A Super Hypo Baldy could be bred to other Super Hypos, but market saturation is somewhat of an issue with these as well. So long as you know your gecko is het-free, you have more freedom to go in different directions. You could try and breed for a greater % of carrot tail, a brighter coloration, or to an animal with a pattern if you want babies with spots.

(I assume you got the pictures in the reverse order, as the first animal is not an albino and the second is not hypo.)


i sadly do not have any vets in the area that work on reptiles, let alone 3 hours away+(that i know of. gotta love a small town in pennsylvania) thank you for all the info it really helps! i did get the pics reversed aha. i havent seen them drink at all since i got them, and im not sure how to hydrate them if they dont drink. theyre doing a bit better with me. would wax worms help at all?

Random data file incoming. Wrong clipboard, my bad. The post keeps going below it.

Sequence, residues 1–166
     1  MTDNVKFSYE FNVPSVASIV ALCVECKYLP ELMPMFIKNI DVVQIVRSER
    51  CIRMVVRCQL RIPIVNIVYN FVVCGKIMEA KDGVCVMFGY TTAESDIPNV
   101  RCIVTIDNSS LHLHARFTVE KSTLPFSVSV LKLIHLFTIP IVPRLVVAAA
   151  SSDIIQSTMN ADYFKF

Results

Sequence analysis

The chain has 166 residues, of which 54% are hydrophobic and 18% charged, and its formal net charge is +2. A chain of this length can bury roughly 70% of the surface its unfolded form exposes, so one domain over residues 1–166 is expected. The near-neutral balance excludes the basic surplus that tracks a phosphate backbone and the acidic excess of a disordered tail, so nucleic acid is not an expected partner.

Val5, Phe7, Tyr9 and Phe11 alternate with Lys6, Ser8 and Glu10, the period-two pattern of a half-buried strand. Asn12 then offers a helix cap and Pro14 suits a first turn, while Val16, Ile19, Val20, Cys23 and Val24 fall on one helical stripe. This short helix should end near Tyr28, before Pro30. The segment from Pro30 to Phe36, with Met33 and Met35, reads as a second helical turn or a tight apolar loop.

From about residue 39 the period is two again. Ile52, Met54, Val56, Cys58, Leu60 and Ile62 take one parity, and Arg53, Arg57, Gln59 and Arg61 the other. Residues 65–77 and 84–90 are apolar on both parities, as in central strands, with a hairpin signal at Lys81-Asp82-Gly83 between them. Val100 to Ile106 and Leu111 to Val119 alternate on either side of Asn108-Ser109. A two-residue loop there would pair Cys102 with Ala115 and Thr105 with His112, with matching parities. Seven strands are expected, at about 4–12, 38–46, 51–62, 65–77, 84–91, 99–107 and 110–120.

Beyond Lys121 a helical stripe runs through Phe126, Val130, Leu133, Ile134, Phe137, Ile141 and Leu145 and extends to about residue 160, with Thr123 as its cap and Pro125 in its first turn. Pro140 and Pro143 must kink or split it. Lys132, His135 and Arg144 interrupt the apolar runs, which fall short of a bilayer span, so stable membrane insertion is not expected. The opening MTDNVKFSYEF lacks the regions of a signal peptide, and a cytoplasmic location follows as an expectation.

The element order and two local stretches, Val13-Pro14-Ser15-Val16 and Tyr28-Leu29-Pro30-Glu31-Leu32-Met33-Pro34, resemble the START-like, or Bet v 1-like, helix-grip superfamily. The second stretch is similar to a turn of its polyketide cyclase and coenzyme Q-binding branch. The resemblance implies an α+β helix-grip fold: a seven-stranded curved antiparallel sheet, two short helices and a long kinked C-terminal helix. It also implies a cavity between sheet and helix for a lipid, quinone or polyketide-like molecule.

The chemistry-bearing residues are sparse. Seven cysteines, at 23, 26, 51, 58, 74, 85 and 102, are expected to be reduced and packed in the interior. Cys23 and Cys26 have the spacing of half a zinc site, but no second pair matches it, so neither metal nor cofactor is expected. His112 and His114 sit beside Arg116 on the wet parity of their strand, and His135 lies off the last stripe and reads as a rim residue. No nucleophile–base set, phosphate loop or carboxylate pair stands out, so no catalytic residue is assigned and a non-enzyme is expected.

so are you saying the first one is a super hypo baldy without the carrottail and the second one is a lavender het eclipse?

HERE you can learn how to find a reptile vet in your area. You’re in New England so I’m pretty sure you should be able to find one, there are a zillion major metropolitan areas in driving distance.

Make a slurry of watery Grub Pie and feed it to them drop by drop with a 1 ml oral syringe (no needle!). You can also do short, daily soaks in clean, room temperature water.

I do not recommend feeding waxworms to leopard geckos under any circumstance. They should be eating appropriately dusted silk worms or small hornworms, Black Soldier Fly Larvae, or gut loaded and appropriately dusted dubia or crickets. Uneaten crickets should never be left in their enclosures as they can eat through your gecko’s skin.

I mean this in the nicest way possible that you don’t seem to understand much about leopard gecko husbandry or breeding yet, and you really should know a lot more before you try and breed them.